This would allow them to minimize the weight of the harp and design their tension scales more effectively.

Side Note: While I was searching for the Steinway tension scales, I bumped into this quote on the section of their website explaining the piano industry and got a kick out of it:

"Several adequate pianos are built in Germany and Austria. They are Bechstein, Grotrian, Forster, Bluthner, Fazioli (Italy) and Bosendorfer*. Fazioli and Bosendorfer however, are distinguished only by their high price and perceived obscurity and are not taken seriously among artists, concert halls or music schools."
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Offline lloyd_cdb

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Re: String Tension/Gauge/Length affect on tone?
«Reply #5 on: April 14, 2013, 07:50:15 PM »
Measuring my own piano, I believe the speaking length is ~15.5" (rough guess without shoving a tape measure between dampers), @440hz and 198.5lbs tension is a #19 gauge piano wire. But if it's widely variable, then I'd be better off just doing it from scratch.

Another thing that popped into my head was spacing between the voicing strings. So within a 3-string note, would a gap of 2mm betwee each of the strings differ from a gap of 4mm assuming they were still struck equally?
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Offline chopin2015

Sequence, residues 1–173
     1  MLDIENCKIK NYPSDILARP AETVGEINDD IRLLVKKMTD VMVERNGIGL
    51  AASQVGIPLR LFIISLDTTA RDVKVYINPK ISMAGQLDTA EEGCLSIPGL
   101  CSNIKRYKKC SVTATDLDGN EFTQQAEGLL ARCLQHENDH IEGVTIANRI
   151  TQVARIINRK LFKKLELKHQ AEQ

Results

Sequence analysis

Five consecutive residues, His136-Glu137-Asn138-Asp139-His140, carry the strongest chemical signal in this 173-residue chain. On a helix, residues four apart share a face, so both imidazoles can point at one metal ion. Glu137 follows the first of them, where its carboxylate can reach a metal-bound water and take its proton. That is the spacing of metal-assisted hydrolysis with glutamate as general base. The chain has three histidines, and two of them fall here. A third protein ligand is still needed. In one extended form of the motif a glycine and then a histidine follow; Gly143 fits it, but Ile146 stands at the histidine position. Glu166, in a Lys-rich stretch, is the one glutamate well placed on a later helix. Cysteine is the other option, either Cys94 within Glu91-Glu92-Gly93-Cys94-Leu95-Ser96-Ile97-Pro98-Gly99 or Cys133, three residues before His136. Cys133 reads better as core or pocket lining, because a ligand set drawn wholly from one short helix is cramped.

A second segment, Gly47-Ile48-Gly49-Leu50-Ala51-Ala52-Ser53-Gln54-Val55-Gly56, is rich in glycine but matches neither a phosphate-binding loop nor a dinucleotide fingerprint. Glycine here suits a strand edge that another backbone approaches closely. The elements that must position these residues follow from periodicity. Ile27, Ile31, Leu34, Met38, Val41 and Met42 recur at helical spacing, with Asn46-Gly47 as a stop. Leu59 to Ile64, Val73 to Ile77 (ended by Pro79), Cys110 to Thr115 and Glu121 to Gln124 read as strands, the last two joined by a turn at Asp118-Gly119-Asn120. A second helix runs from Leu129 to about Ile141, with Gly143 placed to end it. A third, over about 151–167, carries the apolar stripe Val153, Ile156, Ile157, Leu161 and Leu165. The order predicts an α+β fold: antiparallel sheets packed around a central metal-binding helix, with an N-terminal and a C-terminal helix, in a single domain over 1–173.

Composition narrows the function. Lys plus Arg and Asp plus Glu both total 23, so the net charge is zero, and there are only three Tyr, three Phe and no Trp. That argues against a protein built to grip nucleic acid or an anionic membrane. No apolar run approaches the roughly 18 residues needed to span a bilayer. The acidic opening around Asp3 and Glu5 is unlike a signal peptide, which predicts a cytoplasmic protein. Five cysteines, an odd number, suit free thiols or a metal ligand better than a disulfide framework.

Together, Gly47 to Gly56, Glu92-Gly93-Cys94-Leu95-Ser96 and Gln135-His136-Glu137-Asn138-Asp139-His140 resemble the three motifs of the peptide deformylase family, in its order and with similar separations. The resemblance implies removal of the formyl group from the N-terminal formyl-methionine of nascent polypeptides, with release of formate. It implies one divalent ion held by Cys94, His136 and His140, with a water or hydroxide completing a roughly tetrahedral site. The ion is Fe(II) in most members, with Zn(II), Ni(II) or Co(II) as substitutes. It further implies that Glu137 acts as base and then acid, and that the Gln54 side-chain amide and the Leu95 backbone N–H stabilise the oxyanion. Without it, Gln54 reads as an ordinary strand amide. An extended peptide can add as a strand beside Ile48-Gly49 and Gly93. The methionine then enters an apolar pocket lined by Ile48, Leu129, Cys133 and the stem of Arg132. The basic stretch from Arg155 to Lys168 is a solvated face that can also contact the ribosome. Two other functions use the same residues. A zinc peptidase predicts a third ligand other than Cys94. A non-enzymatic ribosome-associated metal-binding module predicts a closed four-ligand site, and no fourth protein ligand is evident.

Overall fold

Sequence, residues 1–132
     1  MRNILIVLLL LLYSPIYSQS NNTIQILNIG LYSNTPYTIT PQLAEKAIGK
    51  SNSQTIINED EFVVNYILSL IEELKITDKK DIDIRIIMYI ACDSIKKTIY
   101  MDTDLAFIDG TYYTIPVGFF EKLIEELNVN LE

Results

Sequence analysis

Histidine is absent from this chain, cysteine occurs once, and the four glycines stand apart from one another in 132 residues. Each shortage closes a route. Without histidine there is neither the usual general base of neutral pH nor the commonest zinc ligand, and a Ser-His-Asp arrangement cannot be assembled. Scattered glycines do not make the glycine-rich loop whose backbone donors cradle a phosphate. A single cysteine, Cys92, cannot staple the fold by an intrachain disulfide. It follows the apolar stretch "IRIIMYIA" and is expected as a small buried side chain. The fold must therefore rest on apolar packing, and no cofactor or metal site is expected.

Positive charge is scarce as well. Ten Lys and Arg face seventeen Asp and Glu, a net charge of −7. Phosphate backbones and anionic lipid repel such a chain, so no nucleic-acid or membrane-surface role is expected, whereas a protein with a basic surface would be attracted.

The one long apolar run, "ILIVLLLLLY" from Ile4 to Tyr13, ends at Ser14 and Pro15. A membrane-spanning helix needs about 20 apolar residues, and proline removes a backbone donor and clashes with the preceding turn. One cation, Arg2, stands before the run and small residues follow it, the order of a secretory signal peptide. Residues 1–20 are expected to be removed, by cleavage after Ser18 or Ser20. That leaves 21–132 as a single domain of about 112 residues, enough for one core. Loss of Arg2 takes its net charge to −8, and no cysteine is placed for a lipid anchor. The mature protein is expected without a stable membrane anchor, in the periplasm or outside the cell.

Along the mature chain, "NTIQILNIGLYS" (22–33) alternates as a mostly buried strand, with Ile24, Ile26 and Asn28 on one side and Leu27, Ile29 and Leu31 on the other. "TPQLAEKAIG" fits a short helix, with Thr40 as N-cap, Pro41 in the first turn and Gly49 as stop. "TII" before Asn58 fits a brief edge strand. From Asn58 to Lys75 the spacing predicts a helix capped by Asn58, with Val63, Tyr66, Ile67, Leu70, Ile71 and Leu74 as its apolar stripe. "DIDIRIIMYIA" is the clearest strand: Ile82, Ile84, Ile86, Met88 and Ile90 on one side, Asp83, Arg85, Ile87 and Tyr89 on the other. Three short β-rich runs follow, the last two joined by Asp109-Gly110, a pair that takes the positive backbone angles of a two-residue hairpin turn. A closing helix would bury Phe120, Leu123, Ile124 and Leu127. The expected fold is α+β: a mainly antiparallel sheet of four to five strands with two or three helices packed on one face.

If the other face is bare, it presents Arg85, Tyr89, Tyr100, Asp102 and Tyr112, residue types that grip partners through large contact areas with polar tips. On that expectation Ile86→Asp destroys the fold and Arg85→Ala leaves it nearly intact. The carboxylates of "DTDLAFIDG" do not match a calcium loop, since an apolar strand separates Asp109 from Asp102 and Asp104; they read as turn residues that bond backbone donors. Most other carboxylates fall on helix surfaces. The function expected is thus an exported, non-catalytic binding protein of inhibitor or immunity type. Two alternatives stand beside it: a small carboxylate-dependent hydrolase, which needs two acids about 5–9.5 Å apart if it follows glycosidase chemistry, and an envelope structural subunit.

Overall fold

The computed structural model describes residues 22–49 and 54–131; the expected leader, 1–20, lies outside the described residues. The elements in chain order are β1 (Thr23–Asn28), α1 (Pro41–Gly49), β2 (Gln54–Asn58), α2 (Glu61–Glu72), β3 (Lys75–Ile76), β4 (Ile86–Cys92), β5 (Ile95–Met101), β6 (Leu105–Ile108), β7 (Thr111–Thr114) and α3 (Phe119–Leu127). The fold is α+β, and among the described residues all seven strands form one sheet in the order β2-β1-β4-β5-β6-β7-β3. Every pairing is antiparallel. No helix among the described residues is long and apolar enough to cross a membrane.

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Re: String Tension/Gauge/Length affect on tone?
«Reply #6 on: April 14, 2013, 09:18:51 PM »
Measuring my own piano, I believe the speaking length is ~15.5" (rough guess without shoving a tape measure between dampers), @440hz and 198.5lbs tension is a #19 gauge piano wire. But if it's widely variable, then I'd be better off just doing it from scratch.

Another thing that popped into my head was spacing between the voicing strings. So within a 3-string note, would a gap of 2mm betwee each of the strings differ from a gap of 4mm assuming they were still struck equally?

 :-*

I believe that the space between each note probably has an effect on the way you would have to tune and dampen your piano. Even though right of the top, wood and glue are the medium which colors the tone, the strings placed right next to each other would probably be more prone to movement and excitement and I assume work together with relevant strings to create a more rich, LOUDER sound. And texture. However, idk about the highest octaves. Over all, low strings are longest and thickest, spaced apart the most. Space closes in as you shrink length and gauge, and increase pitch(if the string was longer, more tension would be needed to get same high pitch, i think) the space gets smallest as the strings get shorter, because the higner pitch is not as audible now, and will not affect other strings as much if positioned further away. As opposed to lower strings which need to be further apart and away or they would resonate too much. The spacing varies according to the curve shape of the harp?
I assume resonance is important across the whole piano...im not drunk, i swear!

Cant think, gotta go finish practice.
"Beethoven wrote in three flats a lot. That's because he moved twice."